Java to Kotlin, from today to the future

Wednesday, December 5, 2018

DEVOXX 2018 ended a while ago so it’s time to get myself busy again with writing this blog, about… you’ll never guess it... KOTLIN. Before you start boooooing and shouting “NOT AGAAAAAAAIN!”. This one is different from all the rest ! (Yeah I know, everyone says that.. don’t hate the player, hate the game). This blog continues to work further on a talk Paulien van Alst did on the fourth day of Devoxx 2018.

Last year I wrote a blog about Kotlin called “Is Kotlin the next big thing?”. A blog which was read a lot, one of the most read technical blogs on our website. So thank you all for reading and I hope this one gets as much attention as my previous one. For the ones who would like to read it again, here is the link https://www.juvo.be/blog/kotlin-next-big-thing.

Time for business

You want to migrate your Java code to Kotlin code? Otherwise you wouldn’t be here, right? If not… I’m deeply sorry man but you’ve lost your way on the internet again. For everyone who is reading this blog because they want to migrate, step on the train and follow me on this journey!

Step 1:

STOP! (HAMMER TIME… sorry…) Stop with all the things you’re doing. Go home! Once you’re home and done with all the things you had to do, go to step 2. Migrating code isn’t something you start doing on a Friday evening 30 minutes before you leave work or with a bunch of colleagues who distract you with this-is-the-most-import-issue-I’ve-ever-seen ticket.

Step 2:

First step would be setting the right dependencies. You can easily add some dependencies without using them. In that way you can show everybody that you can run Kotlin and Java code next to each other. In this example I will be using Maven because there are a lot of  Gradle tutorials on the internet. Kotlin has an extensive standard library that can be used in your applications.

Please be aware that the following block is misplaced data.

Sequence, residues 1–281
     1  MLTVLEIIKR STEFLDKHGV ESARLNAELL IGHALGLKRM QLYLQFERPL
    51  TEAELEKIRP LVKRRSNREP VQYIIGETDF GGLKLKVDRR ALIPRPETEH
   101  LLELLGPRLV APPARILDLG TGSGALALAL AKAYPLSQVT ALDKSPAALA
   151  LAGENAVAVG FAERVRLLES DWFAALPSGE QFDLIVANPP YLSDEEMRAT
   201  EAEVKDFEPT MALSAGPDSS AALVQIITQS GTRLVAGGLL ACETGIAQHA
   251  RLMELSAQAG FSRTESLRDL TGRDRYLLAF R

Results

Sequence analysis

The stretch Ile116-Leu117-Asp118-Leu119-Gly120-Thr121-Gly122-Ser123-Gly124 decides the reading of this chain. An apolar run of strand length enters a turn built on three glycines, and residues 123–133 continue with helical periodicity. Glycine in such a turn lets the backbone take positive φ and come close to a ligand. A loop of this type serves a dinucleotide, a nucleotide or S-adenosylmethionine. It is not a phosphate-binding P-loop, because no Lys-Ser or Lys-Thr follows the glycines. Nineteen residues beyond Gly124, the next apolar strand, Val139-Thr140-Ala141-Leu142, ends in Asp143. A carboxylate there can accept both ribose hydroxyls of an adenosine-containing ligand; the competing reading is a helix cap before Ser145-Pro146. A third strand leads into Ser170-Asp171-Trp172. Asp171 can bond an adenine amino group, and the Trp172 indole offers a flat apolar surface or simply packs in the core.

Configure the following dependency in the pom file:

<dependency>
     <groupId>org.jetbrains.kotlin</groupId>
     <artifactId>kotlin-stdlib</artifactId>
     <version>${kotlin.version}</version>
 </dependency>

If you're targeting JDK 7 or JDK 8, you can use extended versions of the Kotlin standard library which contain additional extension functions for APIs added in new JDK versions. Instead of kotlin-stdlib, use kotlin-stdlib-jdk7 or kotlin-stdlib-jdk8, depending on your JDK version (for Kotlin 1.1.x use kotlin-stdlib-jre7 and kotlin-stdlib-jre8 as the jdk counterparts were introduced in 1.2.0).

Ofcourse you want your tests also in Kotlin and not in Java, so you need to add the appropriate testing library.

<dependency>
     <groupId>org.jetbrains.kotlin</groupId>
     <artifactId>kotlin-test-junit</artifactId>
     <version>${kotlin.version}</version>
     <scope>test</scope>
 </dependency>

In our example we use Java 8 so we added the extended version of the Kotlin standard library, kotlin-stdlib-jre8

After that we need to configure our compiler plugin so that the compiler knows our target jvm and so on…

<plugin>
<artifactId>kotlin-maven-plugin</artifactId>
	<groupId>org.jetbrains.kotlin</groupId>
	<version>${kotlin.version}</version>

	<configuration>
		<jvmTarget>1.8</jvmTarget>
	</configuration>
	<executions>
		<execution>
          	<id>compile</id>